RADDATZ: And what do you think we should do about the Russian build-up of military aircraft in Syria?
NUNES: Well, this is what happens when America doesn't actually put forward a strategic plan to deal with this problem. ISIS, al Qaeda, they are on the move in Syria. And that's what, you know, people aren't talking about.
RADDATZ: So what should…
NUNES: So I think Putin…
RADDATZ: … we do?
NUNES: I think that Putin is -- has now moved in thousands of troops, dozens of airplanes, as you just said. And, you know, the only solution now is going to be is, you know, why aren't we dealing with Putin?
You know, he backed rebels in the Ukraine last year that shot down an airliner that killed 200 people. Assad is a brutal dictator. You know, Putin is not very far off from there.
RADDATZ: Should President Obama be meeting with them?
NUNES: I think, look, it's always good to have dialogue. But you're going to have to, at some point, draw some real red lines in the sand. You know, now the danger is, you ask me what are the solutions?
Look, I don't know what you do now. Putin has said he's moving in troops up in the -- they didn't even do in the Cold War. He has a forward operating base. He's projecting power.
Assad, barring some kind of suicide attack -- suicide bomber attack, Assad, now how are we ever going to get this bad guy out of power? So now you have two bad guys, and don't forget the Iranians are working directly with the Russians and Assad.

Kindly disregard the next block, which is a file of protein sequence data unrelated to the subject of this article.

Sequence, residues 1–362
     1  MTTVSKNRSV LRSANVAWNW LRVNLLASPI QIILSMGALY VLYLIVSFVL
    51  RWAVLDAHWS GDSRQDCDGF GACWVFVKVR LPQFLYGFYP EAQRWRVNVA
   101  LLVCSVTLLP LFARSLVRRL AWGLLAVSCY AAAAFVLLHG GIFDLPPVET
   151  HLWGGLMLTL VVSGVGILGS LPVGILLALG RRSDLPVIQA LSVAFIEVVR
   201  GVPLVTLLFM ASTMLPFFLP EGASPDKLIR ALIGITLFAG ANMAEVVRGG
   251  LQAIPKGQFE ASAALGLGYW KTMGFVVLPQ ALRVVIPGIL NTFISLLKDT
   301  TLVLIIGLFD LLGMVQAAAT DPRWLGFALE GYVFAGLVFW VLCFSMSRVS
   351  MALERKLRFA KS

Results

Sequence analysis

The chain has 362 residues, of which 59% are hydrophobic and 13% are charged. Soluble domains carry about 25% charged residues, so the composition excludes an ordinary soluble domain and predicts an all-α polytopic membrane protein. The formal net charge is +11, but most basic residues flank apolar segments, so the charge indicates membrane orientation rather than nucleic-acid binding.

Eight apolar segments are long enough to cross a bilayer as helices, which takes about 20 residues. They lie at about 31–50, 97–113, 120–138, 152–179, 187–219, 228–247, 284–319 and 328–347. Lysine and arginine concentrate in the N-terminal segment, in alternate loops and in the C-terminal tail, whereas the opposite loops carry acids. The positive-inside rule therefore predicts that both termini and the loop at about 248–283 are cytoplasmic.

RADDATZ: And there are reports this morning that the Iraqis are working with the Iranians, the Russians, and sharing intelligence with Syria? Do you know whether that's correct?
NUNES: Well, look, I think it has long been known that many within the Iraqi government going back to Maliki work closely with the Iranians. This is one of the concerns when we didn't leave any type of capability in Iraq that the Iraqis were going to Iran for help.
RADDATZ: But what about the Syrians? Are they sharing intelligence with the Syrian government?
NUNES: Well, I'm not sure what the Syrians -- what intelligence they would have. But clearly it's in their best interests to work together because they want to go after ISIS and al Qaeda affiliates also.
RADDATZ: And The New York Times is reporting this morning that 250 Americans have tried to get inside Syria to join up with ISIS. That's up from hundreds last year. Are you confident that we can track all 250?
NUNES: No, I'm not. You know, the FBI director came out several months ago and said that he has investigations going on in all 50 states. And this has long been the concern about fighters that go into Iraq and Syria, get trained, and then have a Western passport, and get back either into Europe or into the United States.
RADDATZ: And you believe they could get back in the United States?
NUNES: Absolutely. And I believe they're already getting back into Europe.
RADDATZ: And let's move to cyber-security. President Obama and China's president Xi took steps toward a cyber-security agreement, saying that it includes a promise not to engage in theft of intellectual property.
Is this a good first step? And do you trust him?
NUNES: Well, it's always good to talk, it's always good to put something on paper -- look, we know the Chinese, the Russians, the Iranians, they're committing cyber crimes every single day. It's nation state actors, you know going out and stealing information for economic purposes. So we know that's what they're doing. They're going to continue to do it.